With the destructive power of a fire, walls, structural supports and other parts of the structure may become damaged and weakened and can collapse with activity. Area first responders explained why it is important for homeowners to remain cautious when reentering a home following a fire as some invisible dangers can linger long after the last embers have been put out.

While a homeowner may want to reenter a home to gather belongings following a fire, officials said it could take some time before fire officials can clear a site for reentry.

“The biggest threat is going to be structural stability,” Grayson County Fire Marshall John Weda said Friday. “It take cake some time to shore up a building and make sure it is safe.”

Following a fire, it is common for a structural engineer to come in to determine if a structure is safe for reentry, Weda said.

Modern homes typically make heavy use of truss construction to allow boards to be placed quickly, but this construction can collapse more easily than older techniques when exposed to high temperatures.

Dustin Elk currently works as an emergency nurse practitioner with Wilson N. Jones Regional Medical Center, but previously served as a paramedic with Sherman Fire-Rescue.

“Whenever a structure is brought to an increased temperature, it is not stable any more,” he said.

Even if a building is structurally sound, it is common for police or fire personnel to be on site as a resident picks up some belongings as an additional protection.

While a weakened structure is a visible threat, other hazards are invisible to the naked eye. As things burn during a house fire, many release unseen chemicals in the air that can continue to be generated even after the flames have been extinguished, Weda said.

The most common of these chemicals is carbon monoxide, an odorless chemical which can be released through the combustion of many household items. Hydrogen cyanide is another chemical that is typically released when furniture burns, Weda said.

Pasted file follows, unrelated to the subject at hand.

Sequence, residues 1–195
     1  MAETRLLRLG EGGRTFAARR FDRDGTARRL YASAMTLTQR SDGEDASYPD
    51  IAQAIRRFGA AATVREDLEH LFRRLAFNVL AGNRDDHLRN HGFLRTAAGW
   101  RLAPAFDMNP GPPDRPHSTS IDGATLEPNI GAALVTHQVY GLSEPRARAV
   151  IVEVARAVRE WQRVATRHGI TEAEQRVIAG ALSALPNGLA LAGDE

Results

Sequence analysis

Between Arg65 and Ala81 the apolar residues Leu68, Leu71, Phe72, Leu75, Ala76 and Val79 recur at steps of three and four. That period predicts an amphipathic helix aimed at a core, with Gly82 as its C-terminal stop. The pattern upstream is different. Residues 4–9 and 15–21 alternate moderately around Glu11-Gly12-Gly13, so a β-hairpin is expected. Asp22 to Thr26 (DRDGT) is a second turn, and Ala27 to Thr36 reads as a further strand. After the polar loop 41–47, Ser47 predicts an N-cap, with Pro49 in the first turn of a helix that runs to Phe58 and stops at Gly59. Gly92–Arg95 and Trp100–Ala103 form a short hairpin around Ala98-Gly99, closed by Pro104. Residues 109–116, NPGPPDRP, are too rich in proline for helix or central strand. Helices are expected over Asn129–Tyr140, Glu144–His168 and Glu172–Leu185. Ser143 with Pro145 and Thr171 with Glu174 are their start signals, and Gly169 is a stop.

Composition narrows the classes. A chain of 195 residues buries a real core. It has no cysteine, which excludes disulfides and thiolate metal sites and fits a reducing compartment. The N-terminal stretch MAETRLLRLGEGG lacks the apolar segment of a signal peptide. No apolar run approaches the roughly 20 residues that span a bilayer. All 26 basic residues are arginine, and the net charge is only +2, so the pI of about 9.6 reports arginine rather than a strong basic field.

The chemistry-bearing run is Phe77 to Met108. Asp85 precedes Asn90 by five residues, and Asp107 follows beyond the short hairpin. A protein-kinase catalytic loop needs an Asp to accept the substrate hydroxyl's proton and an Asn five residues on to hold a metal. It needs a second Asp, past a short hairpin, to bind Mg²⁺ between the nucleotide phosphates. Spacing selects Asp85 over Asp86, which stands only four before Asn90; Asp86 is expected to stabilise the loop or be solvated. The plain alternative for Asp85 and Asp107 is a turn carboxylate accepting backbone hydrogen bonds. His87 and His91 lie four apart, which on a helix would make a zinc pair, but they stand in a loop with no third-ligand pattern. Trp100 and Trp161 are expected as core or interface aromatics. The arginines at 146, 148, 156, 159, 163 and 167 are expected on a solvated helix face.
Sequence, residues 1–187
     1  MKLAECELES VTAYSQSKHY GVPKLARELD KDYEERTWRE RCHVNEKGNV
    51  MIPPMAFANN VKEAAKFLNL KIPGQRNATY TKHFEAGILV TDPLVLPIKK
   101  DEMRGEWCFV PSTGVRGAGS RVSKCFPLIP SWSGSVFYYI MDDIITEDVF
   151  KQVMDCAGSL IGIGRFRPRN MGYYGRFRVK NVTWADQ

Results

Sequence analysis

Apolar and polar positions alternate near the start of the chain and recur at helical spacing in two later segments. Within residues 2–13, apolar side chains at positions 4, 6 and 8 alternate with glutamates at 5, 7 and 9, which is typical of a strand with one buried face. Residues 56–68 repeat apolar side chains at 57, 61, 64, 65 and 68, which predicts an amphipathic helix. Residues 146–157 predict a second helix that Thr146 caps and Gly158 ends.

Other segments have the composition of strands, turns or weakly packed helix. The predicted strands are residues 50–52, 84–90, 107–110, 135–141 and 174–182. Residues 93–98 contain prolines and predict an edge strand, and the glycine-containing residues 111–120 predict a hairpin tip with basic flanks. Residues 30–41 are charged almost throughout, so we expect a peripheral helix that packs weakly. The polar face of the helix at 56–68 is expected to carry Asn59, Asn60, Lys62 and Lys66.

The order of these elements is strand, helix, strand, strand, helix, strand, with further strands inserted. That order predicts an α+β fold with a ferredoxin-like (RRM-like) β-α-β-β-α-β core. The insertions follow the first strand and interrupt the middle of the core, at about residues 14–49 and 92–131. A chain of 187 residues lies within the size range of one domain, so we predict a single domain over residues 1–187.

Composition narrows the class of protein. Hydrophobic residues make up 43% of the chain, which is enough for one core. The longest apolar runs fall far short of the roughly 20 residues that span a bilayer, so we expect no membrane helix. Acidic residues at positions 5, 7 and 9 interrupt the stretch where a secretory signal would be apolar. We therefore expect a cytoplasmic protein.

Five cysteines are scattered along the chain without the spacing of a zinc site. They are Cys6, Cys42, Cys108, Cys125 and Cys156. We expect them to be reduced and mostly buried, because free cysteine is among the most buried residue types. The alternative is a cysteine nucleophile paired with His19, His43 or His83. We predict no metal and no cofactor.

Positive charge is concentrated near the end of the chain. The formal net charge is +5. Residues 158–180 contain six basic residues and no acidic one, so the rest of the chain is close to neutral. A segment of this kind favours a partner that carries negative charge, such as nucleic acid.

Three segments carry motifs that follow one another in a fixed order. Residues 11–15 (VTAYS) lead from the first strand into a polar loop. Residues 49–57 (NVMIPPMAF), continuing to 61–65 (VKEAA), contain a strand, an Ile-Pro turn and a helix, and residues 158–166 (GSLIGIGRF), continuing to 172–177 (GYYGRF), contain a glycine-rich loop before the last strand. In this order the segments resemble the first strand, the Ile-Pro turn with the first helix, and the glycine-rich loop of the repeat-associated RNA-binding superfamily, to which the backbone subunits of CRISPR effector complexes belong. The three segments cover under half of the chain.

As another example, Elk said common household refrigerants can release a chemical that is lethal in humans at a density of about two parts per million in the air.

Another airborne threat in older structures is possible exposure to asbestos fibers. The material was used as a common insulation product throughout the first half of the 20th century that was later determined to be a carcinogen. While it is typically harmless when in place, its destruction or removal can create tiny fibers that can be inhaled.

The Mesothelioma Center said these fibers typically don’t pose an immediate threat following a fire as the water from fire fighting efforts suppresses the dust. However, once a site is dried these fibers can be kicked back into the air.

In the event that someone must enter a contaminated site, the group recommends the use of a half-face respirator approved by the National Institute for Occupational Safety and Health.

Weda said fire fighters and first responders are equipped will often use sensors to detect these and other chemicals in the air following a fire. In many cases, it can take a few hours for these chemicals to dissipate into the air, but this can vary depending on how enclosed an area is.

Other threats include chemicals that can be harmful when mixed with water, but Elk said these are not common in a household environment. However, they can be a threat in a more industrial environment.